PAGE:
Education Queensland provides filtering through the school network which ensures all inappropriate content is blocked.


Do I need to purchase Microsoft Office for use on my child’s device?

No, Office 365 package, which includes Word, Excel and OneNote (sometimes referred to as the Microsoft Office Suite), is FREE for students enrolled in an Education Queensland school.

OOPS!

Is my child in year 4 too young to have the responsibility for looking after a personal laptop?

Parents are encouraged to purchase a hard case for the laptop to protect it when it is in student bags. Teachers will continually remind students of responsible behaviours around looking after their device. Classrooms will be locked during breaktimes or when teachers are out of the rooms.


What about insurance?

Laptops in the hands of children are a concern for many parents. It is vital therefore to ensure a fast turnaround for repairs when the need arises. We highly recommend adding ADP (accidental damage protection) insurance and NBD (next business day) on-site warranty if possible. You may also have the option of adding the device to your home and contents insurance policy. At the very least, we recommend a return-to-store, 3 year warranty on any new technology purchase. This will cover the device for primary school.

Screen-time concerns and questions...

What is the school's view on an acceptable amount of screen-time per day?

For children/young people aged 5-17 years it is recommended to limit sedentary recreational screen time to no more than 2 hours per day.


ALL SCREEN TIME IS NOT EQUAL

Ask yourself what you are doing on your computers, smartphones or other screens. A teen who FaceTimes with her grandparents or does homework online for an hour is having a very different experience than someone who sits alone and watches an action movie or plays Fortnite for that hour.


What are the national guidelines for screen time?

The Australian Family Institute of Family Studies Guidelines for screen time can be found in the Australian 24-hour movement guidelines for the early years (birth through to five years) and children and young people (5–17 years) (introduced in 2018). These guidelines were developed from systematic reviews of the evidence about the effects of physical activity, sleep and sedentary time (including screen time) on children’s development, health and wellbeing. For screen time, the guidelines recommended:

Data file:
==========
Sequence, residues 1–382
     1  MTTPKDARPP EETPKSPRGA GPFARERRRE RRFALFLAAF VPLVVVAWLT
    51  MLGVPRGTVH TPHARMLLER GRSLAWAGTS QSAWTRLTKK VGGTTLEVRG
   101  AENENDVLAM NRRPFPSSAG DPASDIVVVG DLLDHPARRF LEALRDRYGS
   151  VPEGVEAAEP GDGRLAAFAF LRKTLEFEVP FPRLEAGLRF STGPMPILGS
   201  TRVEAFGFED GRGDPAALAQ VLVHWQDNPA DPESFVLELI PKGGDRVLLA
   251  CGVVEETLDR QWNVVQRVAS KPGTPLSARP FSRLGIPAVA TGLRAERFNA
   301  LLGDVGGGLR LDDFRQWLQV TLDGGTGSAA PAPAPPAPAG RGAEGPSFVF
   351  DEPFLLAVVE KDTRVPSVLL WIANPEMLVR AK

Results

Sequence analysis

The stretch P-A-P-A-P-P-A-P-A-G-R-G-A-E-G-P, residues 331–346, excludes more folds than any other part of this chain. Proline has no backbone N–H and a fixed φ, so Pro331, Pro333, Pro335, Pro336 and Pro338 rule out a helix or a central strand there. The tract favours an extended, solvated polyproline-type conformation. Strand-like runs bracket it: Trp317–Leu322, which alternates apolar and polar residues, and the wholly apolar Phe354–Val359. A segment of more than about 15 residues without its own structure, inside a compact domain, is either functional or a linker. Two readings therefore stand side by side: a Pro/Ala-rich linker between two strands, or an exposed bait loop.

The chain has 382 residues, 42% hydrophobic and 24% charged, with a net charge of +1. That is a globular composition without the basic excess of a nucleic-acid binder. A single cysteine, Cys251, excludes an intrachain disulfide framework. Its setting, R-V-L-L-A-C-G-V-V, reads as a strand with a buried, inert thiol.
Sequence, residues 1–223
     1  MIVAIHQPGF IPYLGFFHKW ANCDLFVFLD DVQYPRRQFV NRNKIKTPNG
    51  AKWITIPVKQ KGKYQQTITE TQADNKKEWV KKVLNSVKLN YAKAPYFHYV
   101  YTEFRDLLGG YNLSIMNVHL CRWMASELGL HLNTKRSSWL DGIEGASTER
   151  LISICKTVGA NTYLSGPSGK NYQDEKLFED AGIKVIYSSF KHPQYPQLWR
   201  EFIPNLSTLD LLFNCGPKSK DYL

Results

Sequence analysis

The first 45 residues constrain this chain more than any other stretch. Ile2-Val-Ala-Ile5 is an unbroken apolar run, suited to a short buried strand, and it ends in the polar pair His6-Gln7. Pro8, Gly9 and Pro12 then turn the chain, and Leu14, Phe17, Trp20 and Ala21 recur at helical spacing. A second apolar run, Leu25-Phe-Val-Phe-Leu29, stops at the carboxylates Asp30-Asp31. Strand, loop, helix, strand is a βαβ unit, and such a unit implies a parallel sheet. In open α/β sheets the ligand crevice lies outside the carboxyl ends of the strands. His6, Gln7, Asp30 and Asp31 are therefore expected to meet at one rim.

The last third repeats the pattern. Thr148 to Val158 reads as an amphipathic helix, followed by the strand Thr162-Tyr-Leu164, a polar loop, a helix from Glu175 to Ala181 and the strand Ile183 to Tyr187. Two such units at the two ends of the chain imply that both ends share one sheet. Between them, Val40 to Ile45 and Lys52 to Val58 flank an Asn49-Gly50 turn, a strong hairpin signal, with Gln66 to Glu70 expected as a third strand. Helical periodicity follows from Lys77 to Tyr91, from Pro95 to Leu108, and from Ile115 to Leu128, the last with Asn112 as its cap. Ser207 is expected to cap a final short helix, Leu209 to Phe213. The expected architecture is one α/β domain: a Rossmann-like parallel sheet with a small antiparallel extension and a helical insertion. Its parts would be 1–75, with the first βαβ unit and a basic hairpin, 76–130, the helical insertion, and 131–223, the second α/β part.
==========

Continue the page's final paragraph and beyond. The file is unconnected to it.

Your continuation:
- no more than two hours of sedentary recreational screen time per day for children and young people aged 5–17 years (not including schoolwork).



How much time will my child spend using their device each day?

The 1-to-1 device will complement the existing school curriculum by providing appropriate digital learning tools in balance with more traditional learning tools. The goals of the curriculum are supported, not changed by the use of 1-to-1 devices. Students will use 1-to-1 devices where they serve a purpose, for instance, in research, data analysis and generating presentations.

Literacy and Numeracy form the foundation of all Kuluin classroom instruction and teachers will continue to balance more traditional methods such as reading from books, writing in workbooks and the teaching of handwriting with the use of devices.


Devices become a tool amongst many at the disposal of the teacher and students throughout the day. With any learning experience, the teacher is best placed to decide which tool will be most effective in meeting the intended learning outcome. Computers are not intended to be a replacement for any of the more conventional tools teachers have at their disposal. It is the school's belief that any well-rounded approach to education involves balanced access to a variety of tools. Devices simply increase the number of tools at the teacher's disposal and are only used when they are the best tool for the job.

Let's hear from the kids...

"My typing skills are much better."

"I can complete work at home that I missed in class."

"My research skills are much better."

"I can use my laptop in group work and when working by myself."

"I can work ahead and not have to always wait for the teacher or the other kids."

"I can show Mum and Dad the work we did in class that day."

"I can email my teacher if I have a problem."

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Maroochydore State High School




‘Digital literacy is a key component of high school education. Maroochydore State High School is a fully inclusive BYOx school. All students in our school have their own device that they use daily as part of their learning and assessment tasks. We have found that students who have previously engaged in BYOx at primary school have a greater capability of using their laptop at high school, thus supporting a seamless transition to high school. Those students who have not had such an experience take time to train and catch up to peers who have.’





AARON WILLIS DEPUTY PRINCIPAL (JUNIOR SECONDARY)

MAROOCHYDORE STATE HIGH SCHOOL

BYOD Orientation for Year 4 Students 2023

Wednesday, May 4th, 6pm

Kuluin State School


A BYOD Orientation Evening will be held for the parents of students entering year 4 2023 on Wednesday 4th May at 6.00pm. This will provide parents with further information about BYOD and also allow families an opportunity to engage in a Question and Answer session with our Leadership Team including Deputy Principal - Mr Brett Dowdell, Danielle Francis (Systems Technology Officer) and Mr Andrew Iddles (Digital Technolgy Teacher)